In 1929 Williams-Ellis bought portrait painter George Romney's house in Hampstead.[13]

By the 1930s, Williams-Ellis had become a fashionable British architect; he was commissioned to create numerous works throughout the UK. These include buildings at Stowe, Buckinghamshire, cottages in Cornwell, Oxfordshire, Tattenhall in Cheshire, and Cushendun, County Antrim, Northern Ireland. During the 1930s he also designed the former summit building on Wales' highest mountain, Snowdon. However, after a reduction in window sizes (they kept blowing in) and further alterations in the 1960s and the 1980s, it was in a poor state by the end of the 20th century. Prince Charles described it as "the highest slum in Wales".[14]

Williams-Ellis served on several government committees concerned with design and conservation and was instrumental in setting up the British national parks after 1945. The following year he was appointed inaugural chairman of the Stevenage Development Corporation by Lewis Silkin. He wrote and broadcast extensively on architecture, design and the preservation of the rural landscape. He was a member of the Knickerbocker Club.[15]

Yr Hen Bost Aberdaron Old Post Office 1950

At Aberdaron he designed the Old Post Office in a vernacular style in 1950.[9] An important later commission was the redesign and rebuilding of Nantclwyd Hall in Denbighshire Clough Williams- Ellis was equally capable in working in the Modernist idiom of the interwar years. This is well demonstrated by the recently restored Caffi Moranedd at Cricieth and the now demolished Snowdon Summit Station of 1934, which was demolished in 2007.[16]

In 1958 Williams-Ellis was made a Commander of the Order of the British Empire (CBE) "for public services".[17] He was made a Knight Bachelor in the New Years Honours List of 1972 "for services to the preservation of the environment and to architecture".[18] At the time, he was the oldest person ever to be knighted.[19]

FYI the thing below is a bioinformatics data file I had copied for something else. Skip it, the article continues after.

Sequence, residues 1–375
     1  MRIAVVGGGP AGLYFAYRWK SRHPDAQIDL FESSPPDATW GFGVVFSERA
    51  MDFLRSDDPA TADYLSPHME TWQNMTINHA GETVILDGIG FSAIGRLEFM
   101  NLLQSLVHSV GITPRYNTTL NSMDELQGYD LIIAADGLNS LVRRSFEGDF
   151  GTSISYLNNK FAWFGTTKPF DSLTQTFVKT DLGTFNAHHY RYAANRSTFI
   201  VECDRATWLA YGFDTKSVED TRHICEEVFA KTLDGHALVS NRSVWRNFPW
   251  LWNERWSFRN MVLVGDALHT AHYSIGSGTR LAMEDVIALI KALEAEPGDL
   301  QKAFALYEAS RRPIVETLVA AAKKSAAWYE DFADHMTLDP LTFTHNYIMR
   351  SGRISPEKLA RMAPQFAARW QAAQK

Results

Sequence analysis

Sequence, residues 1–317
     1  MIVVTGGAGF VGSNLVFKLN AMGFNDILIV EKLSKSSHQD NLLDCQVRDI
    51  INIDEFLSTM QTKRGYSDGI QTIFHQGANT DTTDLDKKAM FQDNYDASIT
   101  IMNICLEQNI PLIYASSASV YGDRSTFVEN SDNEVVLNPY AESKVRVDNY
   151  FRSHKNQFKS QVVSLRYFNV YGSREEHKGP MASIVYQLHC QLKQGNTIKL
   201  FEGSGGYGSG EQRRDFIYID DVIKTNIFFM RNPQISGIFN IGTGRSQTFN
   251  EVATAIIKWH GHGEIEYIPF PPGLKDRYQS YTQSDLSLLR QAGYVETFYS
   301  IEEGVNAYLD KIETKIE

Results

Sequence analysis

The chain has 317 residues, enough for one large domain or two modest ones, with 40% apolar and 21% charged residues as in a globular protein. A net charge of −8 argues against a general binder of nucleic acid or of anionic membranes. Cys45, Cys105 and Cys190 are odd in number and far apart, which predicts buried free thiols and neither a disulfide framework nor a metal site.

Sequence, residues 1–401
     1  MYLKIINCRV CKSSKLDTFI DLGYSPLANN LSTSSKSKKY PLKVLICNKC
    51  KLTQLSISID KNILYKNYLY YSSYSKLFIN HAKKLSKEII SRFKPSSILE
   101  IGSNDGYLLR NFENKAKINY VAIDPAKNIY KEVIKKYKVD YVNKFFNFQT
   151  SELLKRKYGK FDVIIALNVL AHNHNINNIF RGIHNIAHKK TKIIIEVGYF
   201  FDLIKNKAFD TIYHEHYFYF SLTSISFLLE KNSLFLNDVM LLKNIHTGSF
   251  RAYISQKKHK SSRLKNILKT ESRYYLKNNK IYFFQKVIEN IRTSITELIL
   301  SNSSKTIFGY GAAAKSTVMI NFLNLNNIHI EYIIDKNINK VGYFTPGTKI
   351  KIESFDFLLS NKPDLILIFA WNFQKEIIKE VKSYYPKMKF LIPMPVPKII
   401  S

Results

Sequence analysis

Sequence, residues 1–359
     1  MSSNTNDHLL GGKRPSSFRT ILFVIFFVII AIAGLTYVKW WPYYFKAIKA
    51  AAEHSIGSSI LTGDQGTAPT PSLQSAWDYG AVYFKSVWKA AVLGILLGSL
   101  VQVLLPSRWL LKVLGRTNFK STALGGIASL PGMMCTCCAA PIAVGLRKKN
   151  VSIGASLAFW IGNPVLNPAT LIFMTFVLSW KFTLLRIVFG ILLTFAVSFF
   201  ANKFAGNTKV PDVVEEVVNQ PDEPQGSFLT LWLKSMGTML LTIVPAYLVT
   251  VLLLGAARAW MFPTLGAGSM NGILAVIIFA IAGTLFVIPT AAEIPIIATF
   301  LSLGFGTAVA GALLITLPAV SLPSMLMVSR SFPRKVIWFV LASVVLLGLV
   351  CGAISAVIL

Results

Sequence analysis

Work in Ireland edit

Seven two-storey houses at Cushendun, County Antrim for Ronald McNeill, 1912.

Hall and Club, Cushendun, County Antrim for Ronald Mcneill, 1912 (Project).

Glenmona Lodge, Cushendun, Co. antrim for Ronald McNeill, 1913.

Lord MacNaghten Memoriual Hall and School at Giants Causeway, 1915.

Glenmona House, Cushendun, County Antrim for Ronald Mcneill, 1923.

First Church of Christ Scientist, University Avenue, Belfast 1923-37. (school 1923) (House 1928) Church 1936-7).

Bushmills School for Sir Francis Alexander Macnaghten 1925-7.

Maud Cottages, Cushendun, County Antrim for Ronald McNeill 1st Baron Cushendun 1926.

Cushendun shop for A. McAlister, 1932. [20]

Personal life edit

In 1915 Williams-Ellis married the writer Amabel Strachey. Their eldest daughter, Susan Williams-Ellis (1918–2007), used the name Portmeirion Pottery for the company she created with her husband in 1961. The second daughter, Charlotte Rachel Anwyl Williams-Ellis (1919–2010), was a zoologist and environmentalist with a Cambridge PhD in agricultural science. She married the agriculturalist Lindsay Russell Wallace in 1945, and moved to New Zealand.[21][22] Their youngest child, Christopher Moelwyn Strachey Williams-Ellis (1923 – 13 March 1944) served as a lieutenant in the Welsh Guards during the Second World War. He was killed in action and is buried at Minturno War Cemetery.[23]

Welsh language novelist Robin Llywelyn is his grandson, and fashion designer Rose Fulbright-Vickers is his great-granddaughter.[24] Sculptor David Williams-Ellis, the stepfather of Edoardo Mapelli Mozzi, is his great-nephew.[25]

Death edit

Sir Clough Williams-Ellis died in April 1978, aged 94. In accordance with his wishes, he was cremated. Twenty years after his death some of his ashes were placed in a marine rocket that was launched in a New Year's Eve firework display over the estuary at Portmeirion.[26]

Works edit

Architecture edit

Writings edit

  • Reconography (by student in BEF, pseudodonym Graphite) Pelman (1919 and 4 editions)
  • England and the Octopus, London, Geoffrey Bles (1928)
  • Cottage Building in Cob, Pise, Chalk and Clay: a Renaissance (1919)
  • The Architect, London, Geoffrey Bles (1929)
  • Cautionary Guide to Oxford, Design and Industrial Association (1930), 32 pages